Statistical information regarding the distribution of body dimensions in the population is utilised to optimise products in the fields of industrial design, ergonomics, and architecture today (Rajlakshmi et al., 2001; Safikhani et al., 2007).

The distribution of body measurements has changed due to changes in lifestyles, diets, and ethnic makeup of populations, such as the epidemic of obesity, which calls for continuous updating using anthropometric data collectors.

Anthropometric studies are currently carried out in evolutionary science to examine the evolutionary implications of variations in body proportion between groups whose ancestors lived in various environments.

According to Bergmann’s rule, which states that people in cold climates will typically be larger than people in warm climates, and Allen’s rule, which states that people in cold climates will typically have shorter, stubbier limbs than those in warm climates, human populations exhibit climatic variation patterns that are similar to those of other large-bodied mammals (Ganong, 2005).

In order to enhance comfort, health, safety, and productivity, ergonomic professionals nowadays develop tools, systems, and working procedures with an understanding of human factors in mind.

This includes organisational ergonomics in relation to metrics of communication, crew resource management, work design, schedules, and t; physical ergonomics in relation to human 3 anatomy, physiological, and biomechanical characteristics;

cognitive ergonomics in relation to perception, memory, reasoning, and motor response, including human-computer interaction, mental workloads, decision-making, skilled performance, human reliability, work stress, training, and user experiences;

and When measuring the head and face for anthropometric studies, care is used to keep certain anthropometric landmarks in the correct alignment. The skull head is positioned so that a line runs from the inferior border of the left orbit to the upper border of the external auditory meatus, a condition known anatomically as the Frankfurt Plane.

This plane was employed for both pathological and comparative investigations on early humans and primates. According to previous studies’ findings, anthropometry mixed with clinical methods produced knowledge on the craniofacial framework and traits that existed in different ethnic groups.

On this point, it is established how to treat congenital malformations of the head and face, which has aided in the development of a craniofacial databank on anomalies (Bharati et al., 2001).

Medical practitioners urgently require data on facial measures in order to accurately determine the degree of deviations from the norm, but these data are currently lacking in western and northern Europe, Asia, and Africa (Rajlakshmi, et al., 2001).

Human disparities in sexual orientation and race have also been studied. Although the skulls of African Americans, apes, and Europeans have a sharp relationship, sexual dimorphism is more pronounced in humans than in other older primates (Hernandez et al., 1992).

This was clarified utilising some fossilised skull and facial bone fragments that demonstrated sexual dimorphism in humankind. Additionally, comparable statistical data have effectively described human cranial dimensions in connection to mass (Oladipo et al., 2009).
The results of anthropometric studies on height, age, nasal and cephalic length in Nigeria have been sparse despite the abundance of data on the cranium and faces. At particular ages, the link between measurements is anticipated to remain stable.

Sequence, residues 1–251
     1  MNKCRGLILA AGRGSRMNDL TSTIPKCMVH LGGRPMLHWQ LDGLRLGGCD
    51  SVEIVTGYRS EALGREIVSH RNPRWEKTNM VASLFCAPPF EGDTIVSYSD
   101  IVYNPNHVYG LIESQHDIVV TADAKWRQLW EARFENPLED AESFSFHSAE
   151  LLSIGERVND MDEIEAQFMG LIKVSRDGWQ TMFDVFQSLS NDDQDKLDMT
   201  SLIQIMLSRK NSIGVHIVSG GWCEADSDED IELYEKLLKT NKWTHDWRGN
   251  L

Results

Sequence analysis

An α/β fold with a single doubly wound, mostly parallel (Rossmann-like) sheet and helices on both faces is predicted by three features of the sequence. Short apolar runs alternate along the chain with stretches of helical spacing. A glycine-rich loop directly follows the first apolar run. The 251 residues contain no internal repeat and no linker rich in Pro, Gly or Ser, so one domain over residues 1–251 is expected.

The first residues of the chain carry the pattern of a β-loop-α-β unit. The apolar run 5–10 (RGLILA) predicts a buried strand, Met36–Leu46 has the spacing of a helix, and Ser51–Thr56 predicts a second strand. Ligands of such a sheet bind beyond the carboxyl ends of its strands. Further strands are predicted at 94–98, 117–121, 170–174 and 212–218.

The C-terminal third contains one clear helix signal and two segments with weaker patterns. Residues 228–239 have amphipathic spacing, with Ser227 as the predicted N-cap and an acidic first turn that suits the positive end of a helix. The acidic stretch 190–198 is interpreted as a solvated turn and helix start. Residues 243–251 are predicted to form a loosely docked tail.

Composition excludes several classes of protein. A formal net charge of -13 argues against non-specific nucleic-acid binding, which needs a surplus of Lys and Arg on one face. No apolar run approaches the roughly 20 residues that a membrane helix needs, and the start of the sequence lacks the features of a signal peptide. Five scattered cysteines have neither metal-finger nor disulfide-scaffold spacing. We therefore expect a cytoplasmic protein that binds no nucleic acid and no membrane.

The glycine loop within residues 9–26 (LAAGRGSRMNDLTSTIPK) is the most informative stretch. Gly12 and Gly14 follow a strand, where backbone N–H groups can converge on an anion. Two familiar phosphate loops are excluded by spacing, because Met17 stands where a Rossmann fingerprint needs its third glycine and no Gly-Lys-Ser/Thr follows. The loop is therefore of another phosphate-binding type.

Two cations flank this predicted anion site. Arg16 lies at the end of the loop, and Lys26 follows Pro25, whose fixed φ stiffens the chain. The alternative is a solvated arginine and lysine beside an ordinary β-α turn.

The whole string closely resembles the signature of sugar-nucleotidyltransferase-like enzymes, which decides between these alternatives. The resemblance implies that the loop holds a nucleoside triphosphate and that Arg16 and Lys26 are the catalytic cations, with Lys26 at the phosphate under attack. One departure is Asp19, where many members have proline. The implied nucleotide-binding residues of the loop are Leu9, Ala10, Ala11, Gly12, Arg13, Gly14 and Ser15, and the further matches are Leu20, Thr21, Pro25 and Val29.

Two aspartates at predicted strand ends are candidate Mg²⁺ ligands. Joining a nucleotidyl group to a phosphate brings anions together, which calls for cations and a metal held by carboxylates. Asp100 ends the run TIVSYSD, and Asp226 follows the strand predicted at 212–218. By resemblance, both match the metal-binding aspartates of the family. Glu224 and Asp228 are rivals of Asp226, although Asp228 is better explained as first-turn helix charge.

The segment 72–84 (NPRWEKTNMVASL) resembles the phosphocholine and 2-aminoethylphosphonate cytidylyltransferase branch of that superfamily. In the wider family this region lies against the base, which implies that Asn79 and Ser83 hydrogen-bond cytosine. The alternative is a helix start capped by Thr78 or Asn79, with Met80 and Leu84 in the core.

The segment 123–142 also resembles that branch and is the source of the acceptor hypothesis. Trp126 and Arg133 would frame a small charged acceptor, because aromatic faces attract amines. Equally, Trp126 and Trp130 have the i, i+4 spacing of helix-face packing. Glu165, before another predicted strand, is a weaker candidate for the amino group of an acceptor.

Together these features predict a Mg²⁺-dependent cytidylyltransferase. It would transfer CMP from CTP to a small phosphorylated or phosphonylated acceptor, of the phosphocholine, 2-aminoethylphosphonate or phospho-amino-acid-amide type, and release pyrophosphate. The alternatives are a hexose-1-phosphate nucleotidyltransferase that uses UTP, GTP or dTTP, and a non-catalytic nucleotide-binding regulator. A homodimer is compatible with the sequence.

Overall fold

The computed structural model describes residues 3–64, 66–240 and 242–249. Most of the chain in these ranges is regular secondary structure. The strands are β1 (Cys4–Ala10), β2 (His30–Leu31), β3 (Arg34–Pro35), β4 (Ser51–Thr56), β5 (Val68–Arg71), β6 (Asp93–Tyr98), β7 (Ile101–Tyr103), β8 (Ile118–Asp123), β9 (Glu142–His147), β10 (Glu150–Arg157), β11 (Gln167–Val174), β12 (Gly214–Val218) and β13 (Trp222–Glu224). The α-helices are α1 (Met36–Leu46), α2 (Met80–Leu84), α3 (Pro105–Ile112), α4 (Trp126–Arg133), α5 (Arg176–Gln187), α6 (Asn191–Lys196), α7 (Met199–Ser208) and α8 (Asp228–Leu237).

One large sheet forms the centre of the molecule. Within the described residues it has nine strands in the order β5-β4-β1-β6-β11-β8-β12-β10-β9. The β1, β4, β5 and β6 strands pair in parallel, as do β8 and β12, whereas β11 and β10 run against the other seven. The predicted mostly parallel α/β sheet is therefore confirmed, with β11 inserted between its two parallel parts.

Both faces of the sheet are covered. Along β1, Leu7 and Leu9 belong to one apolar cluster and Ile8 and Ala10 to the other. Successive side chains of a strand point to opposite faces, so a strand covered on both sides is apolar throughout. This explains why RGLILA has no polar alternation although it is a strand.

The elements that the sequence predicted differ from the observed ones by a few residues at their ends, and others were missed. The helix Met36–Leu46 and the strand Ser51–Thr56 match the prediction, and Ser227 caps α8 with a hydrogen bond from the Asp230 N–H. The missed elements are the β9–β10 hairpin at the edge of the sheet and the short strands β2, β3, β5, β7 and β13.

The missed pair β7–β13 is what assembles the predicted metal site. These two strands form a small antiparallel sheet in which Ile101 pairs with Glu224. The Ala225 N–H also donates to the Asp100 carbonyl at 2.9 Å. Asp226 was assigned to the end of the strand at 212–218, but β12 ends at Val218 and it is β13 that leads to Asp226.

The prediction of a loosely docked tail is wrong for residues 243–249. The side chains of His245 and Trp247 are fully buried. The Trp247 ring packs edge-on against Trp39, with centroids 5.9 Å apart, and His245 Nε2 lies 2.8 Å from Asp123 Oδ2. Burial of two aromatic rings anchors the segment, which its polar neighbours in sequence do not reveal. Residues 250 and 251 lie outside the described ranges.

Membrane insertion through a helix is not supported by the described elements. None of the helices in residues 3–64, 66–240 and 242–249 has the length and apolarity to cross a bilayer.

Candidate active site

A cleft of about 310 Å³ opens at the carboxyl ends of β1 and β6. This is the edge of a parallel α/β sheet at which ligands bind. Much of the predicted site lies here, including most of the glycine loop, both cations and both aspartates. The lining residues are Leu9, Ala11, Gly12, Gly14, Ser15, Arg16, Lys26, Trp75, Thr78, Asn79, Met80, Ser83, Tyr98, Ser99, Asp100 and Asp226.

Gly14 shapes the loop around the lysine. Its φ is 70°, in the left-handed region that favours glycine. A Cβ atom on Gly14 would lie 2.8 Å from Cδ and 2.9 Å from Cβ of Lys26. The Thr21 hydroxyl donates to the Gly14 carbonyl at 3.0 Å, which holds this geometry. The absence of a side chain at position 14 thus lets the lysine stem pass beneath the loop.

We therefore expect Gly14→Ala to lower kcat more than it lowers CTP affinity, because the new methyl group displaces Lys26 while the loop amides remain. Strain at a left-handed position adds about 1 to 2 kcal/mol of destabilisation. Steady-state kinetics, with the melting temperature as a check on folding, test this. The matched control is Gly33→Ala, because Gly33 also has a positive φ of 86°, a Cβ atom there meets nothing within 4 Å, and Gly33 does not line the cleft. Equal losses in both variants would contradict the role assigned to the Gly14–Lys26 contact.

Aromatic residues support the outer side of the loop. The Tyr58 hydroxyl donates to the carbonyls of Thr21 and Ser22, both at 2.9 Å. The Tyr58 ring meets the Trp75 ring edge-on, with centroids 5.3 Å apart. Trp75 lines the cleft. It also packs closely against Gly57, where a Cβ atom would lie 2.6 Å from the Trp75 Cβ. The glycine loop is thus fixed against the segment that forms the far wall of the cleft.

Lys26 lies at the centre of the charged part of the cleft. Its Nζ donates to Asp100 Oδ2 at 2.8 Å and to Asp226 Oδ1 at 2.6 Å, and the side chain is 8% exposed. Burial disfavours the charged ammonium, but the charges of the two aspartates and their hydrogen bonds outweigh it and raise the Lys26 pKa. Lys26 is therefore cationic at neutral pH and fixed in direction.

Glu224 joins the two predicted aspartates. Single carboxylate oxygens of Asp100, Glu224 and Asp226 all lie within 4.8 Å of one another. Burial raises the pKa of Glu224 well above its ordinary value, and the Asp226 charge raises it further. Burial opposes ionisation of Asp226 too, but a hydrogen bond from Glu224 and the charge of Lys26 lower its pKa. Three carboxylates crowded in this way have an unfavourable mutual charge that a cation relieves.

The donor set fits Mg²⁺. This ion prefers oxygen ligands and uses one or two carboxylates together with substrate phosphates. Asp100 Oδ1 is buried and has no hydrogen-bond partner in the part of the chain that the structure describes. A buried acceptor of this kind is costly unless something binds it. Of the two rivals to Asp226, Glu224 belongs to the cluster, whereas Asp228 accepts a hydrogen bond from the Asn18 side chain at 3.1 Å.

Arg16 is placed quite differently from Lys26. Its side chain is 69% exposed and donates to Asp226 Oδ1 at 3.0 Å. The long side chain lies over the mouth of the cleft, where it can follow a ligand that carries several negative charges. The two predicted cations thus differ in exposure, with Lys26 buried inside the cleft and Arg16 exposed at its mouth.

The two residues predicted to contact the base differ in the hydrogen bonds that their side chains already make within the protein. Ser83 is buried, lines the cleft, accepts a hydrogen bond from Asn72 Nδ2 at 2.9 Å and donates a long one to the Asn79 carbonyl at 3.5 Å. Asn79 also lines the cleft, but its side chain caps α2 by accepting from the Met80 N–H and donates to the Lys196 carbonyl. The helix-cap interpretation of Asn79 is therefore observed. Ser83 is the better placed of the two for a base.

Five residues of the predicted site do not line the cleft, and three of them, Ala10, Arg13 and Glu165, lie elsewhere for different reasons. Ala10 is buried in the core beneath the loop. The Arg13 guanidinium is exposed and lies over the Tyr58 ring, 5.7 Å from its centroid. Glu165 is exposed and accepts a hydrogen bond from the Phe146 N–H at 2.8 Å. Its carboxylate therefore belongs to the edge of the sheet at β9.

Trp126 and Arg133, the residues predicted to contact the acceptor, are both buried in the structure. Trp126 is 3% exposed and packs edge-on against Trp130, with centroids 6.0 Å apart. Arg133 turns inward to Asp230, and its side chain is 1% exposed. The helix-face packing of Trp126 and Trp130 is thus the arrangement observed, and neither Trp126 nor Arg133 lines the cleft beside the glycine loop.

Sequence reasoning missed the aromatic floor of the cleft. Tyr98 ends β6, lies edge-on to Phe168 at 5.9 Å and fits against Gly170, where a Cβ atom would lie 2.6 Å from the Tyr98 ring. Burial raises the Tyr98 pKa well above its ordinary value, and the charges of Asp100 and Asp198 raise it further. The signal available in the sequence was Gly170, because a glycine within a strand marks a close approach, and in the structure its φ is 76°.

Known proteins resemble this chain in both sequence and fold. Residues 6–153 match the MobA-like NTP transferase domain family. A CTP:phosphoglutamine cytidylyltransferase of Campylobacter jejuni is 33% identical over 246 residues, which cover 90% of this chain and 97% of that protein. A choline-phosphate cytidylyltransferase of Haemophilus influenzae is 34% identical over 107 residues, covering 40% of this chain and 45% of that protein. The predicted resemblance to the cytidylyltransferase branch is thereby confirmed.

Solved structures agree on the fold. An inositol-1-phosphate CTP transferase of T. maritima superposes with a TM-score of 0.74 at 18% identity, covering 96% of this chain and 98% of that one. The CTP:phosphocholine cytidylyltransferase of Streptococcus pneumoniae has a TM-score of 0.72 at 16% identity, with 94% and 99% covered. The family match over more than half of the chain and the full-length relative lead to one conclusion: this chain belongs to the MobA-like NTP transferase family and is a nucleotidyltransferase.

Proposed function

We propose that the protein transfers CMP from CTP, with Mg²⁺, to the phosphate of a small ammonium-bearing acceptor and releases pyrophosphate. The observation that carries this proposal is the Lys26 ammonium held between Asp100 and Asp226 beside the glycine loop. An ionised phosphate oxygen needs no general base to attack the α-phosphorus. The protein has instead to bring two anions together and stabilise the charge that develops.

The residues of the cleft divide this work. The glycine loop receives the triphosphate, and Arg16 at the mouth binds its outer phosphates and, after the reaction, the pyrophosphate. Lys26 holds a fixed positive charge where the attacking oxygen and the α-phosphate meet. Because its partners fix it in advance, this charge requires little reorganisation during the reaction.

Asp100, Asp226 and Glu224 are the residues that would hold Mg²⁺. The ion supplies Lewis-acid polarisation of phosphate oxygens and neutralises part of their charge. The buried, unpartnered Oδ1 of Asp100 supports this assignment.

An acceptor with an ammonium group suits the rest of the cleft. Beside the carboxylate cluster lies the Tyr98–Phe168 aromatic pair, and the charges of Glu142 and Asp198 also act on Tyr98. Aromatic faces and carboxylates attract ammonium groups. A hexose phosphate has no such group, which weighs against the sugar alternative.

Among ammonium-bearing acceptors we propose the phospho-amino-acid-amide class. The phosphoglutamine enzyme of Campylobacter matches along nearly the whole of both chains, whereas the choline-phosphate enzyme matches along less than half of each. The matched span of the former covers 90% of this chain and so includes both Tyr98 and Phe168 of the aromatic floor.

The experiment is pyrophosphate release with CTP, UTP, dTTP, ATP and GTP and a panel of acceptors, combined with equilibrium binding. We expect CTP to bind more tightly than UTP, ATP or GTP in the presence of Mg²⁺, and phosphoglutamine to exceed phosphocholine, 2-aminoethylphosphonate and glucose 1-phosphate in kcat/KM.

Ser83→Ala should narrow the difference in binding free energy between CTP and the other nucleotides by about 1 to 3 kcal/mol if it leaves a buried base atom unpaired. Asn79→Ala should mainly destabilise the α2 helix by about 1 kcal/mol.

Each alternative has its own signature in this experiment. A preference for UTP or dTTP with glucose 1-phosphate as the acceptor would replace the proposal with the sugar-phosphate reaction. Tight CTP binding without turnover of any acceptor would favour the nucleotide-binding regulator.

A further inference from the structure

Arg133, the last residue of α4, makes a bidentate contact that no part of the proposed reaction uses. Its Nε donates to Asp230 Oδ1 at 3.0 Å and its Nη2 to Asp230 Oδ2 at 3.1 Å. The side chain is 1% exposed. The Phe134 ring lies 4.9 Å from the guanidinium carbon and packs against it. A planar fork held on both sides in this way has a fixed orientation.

Regression techniques, indices, and ratios are used to express these correlations. Due to the complex interactions between genetic, environmental, nutritional, and physiological factors, these proportions drastically alter from the foetal period through childhood and adolescence (Daniel, 2004).

According to Iscan (2010), cranial dimensions employing markers like height, nose, length, and cephalic indices differ across sexes and between ethnic groups.

• In Nigeria, anthropometric data for different ethnic groups are infrequently accessible to assess adult relationships and ancestor tracing.

There are no published comparative statistics on anthropometric factors and cephalometric indices among Nigeria’s ethnic groupings.

Few anthropometric studies have been conducted in Nigeria’s Benue State with minority populations.

• The relationships and distinctions among the various body parts may have anthropological significance in the state of crime.

• The anthropometric measurements’ variables will be used as benchmark information for Nigeria’s various ethnic groupings.

• The Igede and Idoma ethnic groups have different cephalometric indices.

Cephalometric indices in the two tribes will predict/correlate with other anthropometric outcomes.

5 • There is a correlation between the two ethnic groups’ cephalometric indices.


1.4 AIM The current study’s objective is to examine any potential ancestry between the Igede and Idoma ethnic groups in Benue State, Nigeria, utilising cephalometric markers.

1.5 OBJECTIVES Using anthropometric measurements, this study aims to: • Compare and determine the link between the Idoma and Igede ethnic groups in Benue State.

• To compare the cephalometric indices of different tribes in Nigeria using the information gathered from the two tribes.

• To investigate sexual dimorphisms between the two tribes’ cephalometric indices.

• To investigate any correlations between the Igede and Idoma ethnic groups in Benue State, Nigeria’s craniofacial indices.

The study is important because it will help resolve the long-running kingship feud between the Igede and Idoma tribes by using cephalometric indices to establish ancestral relationships between the two tribes (Hernandez et al., 1992).

The study is also relevant for forensic analyses of crime scenes that use the craniofacial presentations of Igede and Idoma tribe members. An anthropometric research could create a medical template for commercial items like shoes and eyewear.